The death of a major economic concept is riling many economists and analysts.
Known as the Phillips Curve, a concept developed by New Zealand economist William Phillips, it shows that inflation and unemployment have a stable and inverse relationship and is a fundamental philosophy for many.
In recent months with central banks using artificial ways to pump money into the economy, this inverse relationship is seen to be dying, or rather "flattening" as many economists point out.
Low wages and temporary jobs add pressure on workers. That in turn leads to less spending power in the economy even though the level of unemployment maybe falling.
This is not great news for central bank policymakers across the world pumping artificial money into the system to bring the global economy back to its pre-2008 crisis days.
Ever since the global financial crisis, central banks have pegged their monetary policy on these two pillars – inflation and unemployment.
While they have been successful in trying to bring the level of unemployment down, inflation hasn't edged up to the target many of the central banks had set earlier.
Recent economic data across the U.S. and Europe have shown that while unemployment seems to be cooling down, inflation is lagging gains.
As a result, institutions like the European Central Bank (ECB) have had to lower their inflation target recently.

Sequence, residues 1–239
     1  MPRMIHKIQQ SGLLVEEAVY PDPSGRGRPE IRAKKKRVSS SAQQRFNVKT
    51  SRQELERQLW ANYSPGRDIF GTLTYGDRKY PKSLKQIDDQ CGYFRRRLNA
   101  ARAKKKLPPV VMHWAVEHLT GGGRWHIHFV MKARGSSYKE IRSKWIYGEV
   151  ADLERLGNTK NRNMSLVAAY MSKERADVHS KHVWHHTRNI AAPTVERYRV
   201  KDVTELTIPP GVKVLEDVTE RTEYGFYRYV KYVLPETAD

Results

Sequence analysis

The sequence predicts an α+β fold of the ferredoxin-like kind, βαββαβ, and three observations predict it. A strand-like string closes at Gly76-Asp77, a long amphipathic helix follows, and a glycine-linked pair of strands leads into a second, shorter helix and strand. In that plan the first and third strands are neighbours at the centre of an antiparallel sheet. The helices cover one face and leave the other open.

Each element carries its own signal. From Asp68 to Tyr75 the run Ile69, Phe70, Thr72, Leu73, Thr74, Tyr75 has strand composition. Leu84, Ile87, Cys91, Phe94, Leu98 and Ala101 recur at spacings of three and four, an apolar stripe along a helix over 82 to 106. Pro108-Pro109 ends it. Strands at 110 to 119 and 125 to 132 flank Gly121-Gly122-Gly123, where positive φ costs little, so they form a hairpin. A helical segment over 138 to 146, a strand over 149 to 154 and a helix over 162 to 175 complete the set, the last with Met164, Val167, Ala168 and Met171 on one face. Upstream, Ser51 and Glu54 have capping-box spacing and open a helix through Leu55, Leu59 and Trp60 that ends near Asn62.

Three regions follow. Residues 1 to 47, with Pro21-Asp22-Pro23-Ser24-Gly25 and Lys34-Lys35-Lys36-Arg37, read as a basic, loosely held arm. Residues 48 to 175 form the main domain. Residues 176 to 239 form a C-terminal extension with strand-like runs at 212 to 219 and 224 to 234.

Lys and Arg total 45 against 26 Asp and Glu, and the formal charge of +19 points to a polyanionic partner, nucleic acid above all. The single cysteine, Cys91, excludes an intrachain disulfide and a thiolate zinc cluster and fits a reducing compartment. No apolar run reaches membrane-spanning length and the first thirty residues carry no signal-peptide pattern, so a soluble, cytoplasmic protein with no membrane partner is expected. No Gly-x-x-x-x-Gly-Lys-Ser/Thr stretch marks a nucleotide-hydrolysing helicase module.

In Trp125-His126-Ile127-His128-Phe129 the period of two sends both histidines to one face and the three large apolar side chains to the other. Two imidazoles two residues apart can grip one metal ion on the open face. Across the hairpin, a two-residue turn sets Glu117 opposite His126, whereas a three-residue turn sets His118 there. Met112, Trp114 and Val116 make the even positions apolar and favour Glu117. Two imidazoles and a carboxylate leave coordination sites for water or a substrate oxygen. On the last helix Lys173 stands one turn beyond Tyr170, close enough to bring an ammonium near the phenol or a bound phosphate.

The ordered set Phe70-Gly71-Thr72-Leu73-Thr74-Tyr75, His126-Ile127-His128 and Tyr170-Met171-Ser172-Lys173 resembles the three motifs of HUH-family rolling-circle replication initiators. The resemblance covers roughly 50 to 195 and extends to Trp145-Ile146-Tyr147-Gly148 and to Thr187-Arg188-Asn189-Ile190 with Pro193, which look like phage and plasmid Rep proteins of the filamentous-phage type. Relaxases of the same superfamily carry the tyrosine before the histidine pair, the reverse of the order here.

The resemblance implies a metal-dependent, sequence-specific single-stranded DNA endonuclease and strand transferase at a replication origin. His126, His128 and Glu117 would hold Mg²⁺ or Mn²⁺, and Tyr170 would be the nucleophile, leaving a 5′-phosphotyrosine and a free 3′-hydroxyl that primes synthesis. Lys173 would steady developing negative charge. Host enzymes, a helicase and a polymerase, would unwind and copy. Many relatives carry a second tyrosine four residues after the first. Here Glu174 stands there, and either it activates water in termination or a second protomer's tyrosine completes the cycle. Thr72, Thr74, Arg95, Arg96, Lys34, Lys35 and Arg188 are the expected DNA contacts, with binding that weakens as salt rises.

The ECB, in its Governing Council meeting in July, discussed at length the disconnect between inflation and employment in the euro zone economy, attributing it to a number of structural factors such as changes in labor markets, work contracts and wage-setting processes.
But policymakers have still not been able to find a solution out of this deadlock. The answer lies not in lowering targets but slowly removing their foot off the accelerator.
Perhaps it is time for central banks to gracefully exit the long and arduous process of quantitative easing before the scars it leaves behind are too tough to handle.
Alberto Gallo, head of macro strategies and manager of the Algebris Macro Credit Fund, told CNBC last month that central banks should look at removing artificial stimulus for three reasons – it is becoming less useful, has side-effects and to build an adequate policy buffer to deal with future risks.
Central banks, however, have always been very vague when communicating, especially when addressing questions like the dying Phillips Curve.
One would expect that policymakers at the Jackson Hole Symposium in Wyoming last month exchanged notes in order to coordinate their timely exit.
But will we ever know? Or is it the waiting game all over again?
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